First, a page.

He enlisted in the army on September 14,1941, following the example of his older brother Ralph who had enlisted in 1940. While he was in the service he married Janie Phillips in December 1942. They had one daughter, Janice. He became a captain in Company G, 3rd Battalion, 322nd Infantry Regiment, 81st Infantry Division (Nicknamed "Wildcat"). While still in training stateside, John learned that his older brother, who training pilots to fly, had been killed in a plane crash on February 2, 1943.

The 81st ID shipped out for Hawaii in June 1944. The 81st ID was given the assignment of taking Anguar Island in the Palau Islands chain. Captain Lightsey landed with his company on September 11. He was slightly wounded on September 20, the day the Americans attacked "the bowl" which the Japanese stubbornly defended for five more days. After that the Americans focused on sealing in the remaining Japanese in their caves. Captain Lightsey was killed on September 28, 1944, two days before the island was considered to be secure. I don't know any of the details regarding the Silver Star he was awarded. In 166 days of combat, 281 men from the 81st ID earned the Silver Star.

His grave is at Fairfax Cemetery in South Carolina. I don't know what happened to his widow or daughter.

Thank you John and Ralph for your sacrifice. Let's Earn It for John and Ralph.

Last year on this date I profiled Alaska airman Frank Cranston as well as another better known Alaska airman named Charlton Heston. You can read about Frank here.

On behalf of the fallen, if you would like to see more people become aware of this project to honor the WW2 fallen, be sure to share with others on Twitter, Facebook, etc. Thanks for your interest!

I created this video to explain why I started this project: https://www.youtube.com/watch?v=vXt8QA481lY.

Follow on Twitter @ww2fallen100
Join the public Facebook group WW2 Fallen 100

Saturday, January 13, 2018

WW2 Fallen - Charles Gardiner, 4th Infantry Division

Sgt. Charles Gardiner, was a 4th Infantry Division GI at Prum shortly before he was killed.
https://www.findagrave.com/memorial/107667635/charles-edward-gardiner
https://www.pinterest.com/pin/311100286730140117/
Charles Edward "Chizzy" Gardiner never had a chance to reach 100 years old today. Instead, he sacrificed his life for our freedom.

He was born on January 13, 1918 in Iowa. His mother Jennie was born in Pennsylvania and his father Benjamin was born in Ohio. His father worked as a railroad switchman. Charles, known as Chizzy, had one brother and two sisters. Charles married Henrietta Peterman on April 11, 1937. They had two sons. He held various jobs including oil company attendant, bread company salesman, tea company warehouse man, and ironworks machinist.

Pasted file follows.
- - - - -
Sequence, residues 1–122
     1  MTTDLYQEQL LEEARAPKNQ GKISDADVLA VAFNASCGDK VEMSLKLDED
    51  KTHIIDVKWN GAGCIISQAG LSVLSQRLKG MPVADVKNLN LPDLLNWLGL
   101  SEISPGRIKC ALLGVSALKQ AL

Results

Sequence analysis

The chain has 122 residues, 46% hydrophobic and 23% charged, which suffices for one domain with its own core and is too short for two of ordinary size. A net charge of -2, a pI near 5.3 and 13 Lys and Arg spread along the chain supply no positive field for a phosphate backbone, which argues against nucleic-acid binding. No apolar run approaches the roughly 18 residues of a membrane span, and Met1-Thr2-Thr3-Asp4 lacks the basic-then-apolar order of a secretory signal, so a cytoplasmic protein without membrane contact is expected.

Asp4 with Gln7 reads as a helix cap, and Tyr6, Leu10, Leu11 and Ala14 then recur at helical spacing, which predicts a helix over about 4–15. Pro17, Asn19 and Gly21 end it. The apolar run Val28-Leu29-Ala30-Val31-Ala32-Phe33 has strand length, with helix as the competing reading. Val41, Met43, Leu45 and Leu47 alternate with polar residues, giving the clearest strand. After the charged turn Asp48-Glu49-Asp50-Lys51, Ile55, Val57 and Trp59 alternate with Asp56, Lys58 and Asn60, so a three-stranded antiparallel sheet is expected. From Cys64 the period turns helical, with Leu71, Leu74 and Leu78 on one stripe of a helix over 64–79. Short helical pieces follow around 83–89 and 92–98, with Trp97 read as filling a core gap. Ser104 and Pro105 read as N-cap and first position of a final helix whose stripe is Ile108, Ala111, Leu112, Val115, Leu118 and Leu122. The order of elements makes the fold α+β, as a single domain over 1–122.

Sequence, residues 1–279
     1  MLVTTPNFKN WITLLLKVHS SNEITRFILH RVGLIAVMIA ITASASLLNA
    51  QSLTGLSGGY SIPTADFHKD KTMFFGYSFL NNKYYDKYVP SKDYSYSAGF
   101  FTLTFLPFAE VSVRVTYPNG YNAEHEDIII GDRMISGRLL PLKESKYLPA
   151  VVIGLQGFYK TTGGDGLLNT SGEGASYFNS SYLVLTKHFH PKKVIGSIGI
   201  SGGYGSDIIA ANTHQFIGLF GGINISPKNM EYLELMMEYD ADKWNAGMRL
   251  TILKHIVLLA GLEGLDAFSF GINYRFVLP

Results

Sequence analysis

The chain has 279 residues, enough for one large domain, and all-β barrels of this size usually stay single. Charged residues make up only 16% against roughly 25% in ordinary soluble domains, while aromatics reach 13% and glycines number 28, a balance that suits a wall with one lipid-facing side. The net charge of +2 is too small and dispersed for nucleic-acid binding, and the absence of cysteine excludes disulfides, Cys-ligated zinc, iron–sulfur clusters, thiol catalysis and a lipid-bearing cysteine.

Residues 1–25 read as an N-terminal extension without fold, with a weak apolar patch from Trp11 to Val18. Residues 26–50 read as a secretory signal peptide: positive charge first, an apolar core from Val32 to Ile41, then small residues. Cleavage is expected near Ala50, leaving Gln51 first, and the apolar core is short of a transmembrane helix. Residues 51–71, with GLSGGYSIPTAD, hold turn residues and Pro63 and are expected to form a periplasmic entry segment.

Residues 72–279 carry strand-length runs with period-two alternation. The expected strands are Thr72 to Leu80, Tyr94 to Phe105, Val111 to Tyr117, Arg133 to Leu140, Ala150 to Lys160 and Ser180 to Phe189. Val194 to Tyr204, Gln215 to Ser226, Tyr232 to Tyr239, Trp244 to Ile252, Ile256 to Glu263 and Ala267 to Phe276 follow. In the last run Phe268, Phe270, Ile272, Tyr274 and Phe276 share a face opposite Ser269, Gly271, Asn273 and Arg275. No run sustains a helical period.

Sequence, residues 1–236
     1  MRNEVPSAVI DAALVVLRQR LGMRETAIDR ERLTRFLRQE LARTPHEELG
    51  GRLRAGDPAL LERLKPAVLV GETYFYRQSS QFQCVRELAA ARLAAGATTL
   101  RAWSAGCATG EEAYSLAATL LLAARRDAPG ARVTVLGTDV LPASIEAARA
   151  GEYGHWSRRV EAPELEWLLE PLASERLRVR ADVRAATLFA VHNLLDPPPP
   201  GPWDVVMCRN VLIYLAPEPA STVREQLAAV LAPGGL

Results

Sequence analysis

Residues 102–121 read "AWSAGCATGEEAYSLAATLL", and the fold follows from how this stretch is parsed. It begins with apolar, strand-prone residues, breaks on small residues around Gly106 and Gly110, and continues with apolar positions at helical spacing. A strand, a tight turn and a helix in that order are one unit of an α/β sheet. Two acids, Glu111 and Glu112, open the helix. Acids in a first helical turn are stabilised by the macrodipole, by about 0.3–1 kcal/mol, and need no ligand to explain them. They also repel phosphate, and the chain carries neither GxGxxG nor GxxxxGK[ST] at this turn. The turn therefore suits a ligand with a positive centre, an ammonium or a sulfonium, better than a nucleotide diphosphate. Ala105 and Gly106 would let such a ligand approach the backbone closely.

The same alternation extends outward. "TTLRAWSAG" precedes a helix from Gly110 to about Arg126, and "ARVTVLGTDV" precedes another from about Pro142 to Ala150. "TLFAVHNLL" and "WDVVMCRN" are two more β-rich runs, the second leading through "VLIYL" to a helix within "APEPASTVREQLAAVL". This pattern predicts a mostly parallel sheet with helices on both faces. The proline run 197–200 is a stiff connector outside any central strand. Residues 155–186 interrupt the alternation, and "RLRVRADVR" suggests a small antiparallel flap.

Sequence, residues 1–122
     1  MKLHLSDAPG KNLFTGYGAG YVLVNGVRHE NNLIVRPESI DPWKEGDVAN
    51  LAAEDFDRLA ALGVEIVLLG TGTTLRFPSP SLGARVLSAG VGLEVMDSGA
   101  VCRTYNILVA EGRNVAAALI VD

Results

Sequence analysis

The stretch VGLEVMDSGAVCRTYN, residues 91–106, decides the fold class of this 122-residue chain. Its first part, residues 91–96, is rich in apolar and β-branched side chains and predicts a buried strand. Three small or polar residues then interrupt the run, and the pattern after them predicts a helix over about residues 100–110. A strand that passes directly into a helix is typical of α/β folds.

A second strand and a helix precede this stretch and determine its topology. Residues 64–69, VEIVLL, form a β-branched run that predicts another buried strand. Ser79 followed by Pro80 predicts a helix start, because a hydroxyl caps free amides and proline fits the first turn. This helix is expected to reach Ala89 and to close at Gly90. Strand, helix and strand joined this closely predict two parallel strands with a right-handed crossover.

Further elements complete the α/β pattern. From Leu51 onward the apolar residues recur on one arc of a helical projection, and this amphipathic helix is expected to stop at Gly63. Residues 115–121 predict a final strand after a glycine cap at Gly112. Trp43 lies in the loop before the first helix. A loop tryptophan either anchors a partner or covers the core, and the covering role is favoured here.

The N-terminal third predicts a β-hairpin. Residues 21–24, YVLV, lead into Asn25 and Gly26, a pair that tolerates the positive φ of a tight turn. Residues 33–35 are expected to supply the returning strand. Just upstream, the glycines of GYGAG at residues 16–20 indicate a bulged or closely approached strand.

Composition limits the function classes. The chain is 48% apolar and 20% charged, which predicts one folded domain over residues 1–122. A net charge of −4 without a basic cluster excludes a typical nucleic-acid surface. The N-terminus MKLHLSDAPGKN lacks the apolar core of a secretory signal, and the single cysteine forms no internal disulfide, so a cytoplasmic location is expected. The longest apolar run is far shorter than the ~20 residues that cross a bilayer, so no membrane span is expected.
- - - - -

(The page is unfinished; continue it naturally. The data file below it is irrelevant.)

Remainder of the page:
He enlisted relatively late in the war on August 11, 1944. After training in Arkansas, he left for Europe on January 5, 1945 and joined Company F, 3rd Battalion, 8th Infantry Regiment, 4th Infantry Division as a replacement with the rank of sergeant. As one of the most heavily engaged units beginning on D-Day on Utah Beach, the 4th ID was in constant need of replacements. In 299 days of combat it suffered 20,660 battle casualties, nearly 70 men on average each and every day.

By the time Sgt. Gardiner joined his company, the 4th ID was fighting in Germany. It had cross the Prum River on February 28, 1945 and was racing to the Kyll River. Sgt. Gardiner was killed by a German sniper near Hemispand on March 3, 1945.

His grave is at Aspen Grove Cemetery, Burlington, Iowa.His widow never remarried and she died in 2003, outliving both sons who both died at age 50. Unlike most of the WW2 fallen, Sgt. Gardiner does have living descendants.

Thank you Chizzy for your sacrifice. Let's Earn It for Chizzy.

Last year on this date I profiled Gerard Infanger, a Pacific theater paratrooper. You can read about Gerard here.

On behalf of the fallen, if you would like to see more people become aware of this project to honor the WW2 fallen, be sure to share with others on Twitter, Facebook, etc. Thanks for your interest!

I created this video to explain why I started this project: https://www.youtube.com/watch?v=vXt8QA481lY.

Follow on Twitter @ww2fallen100
Join the public Facebook group WW2 Fallen 100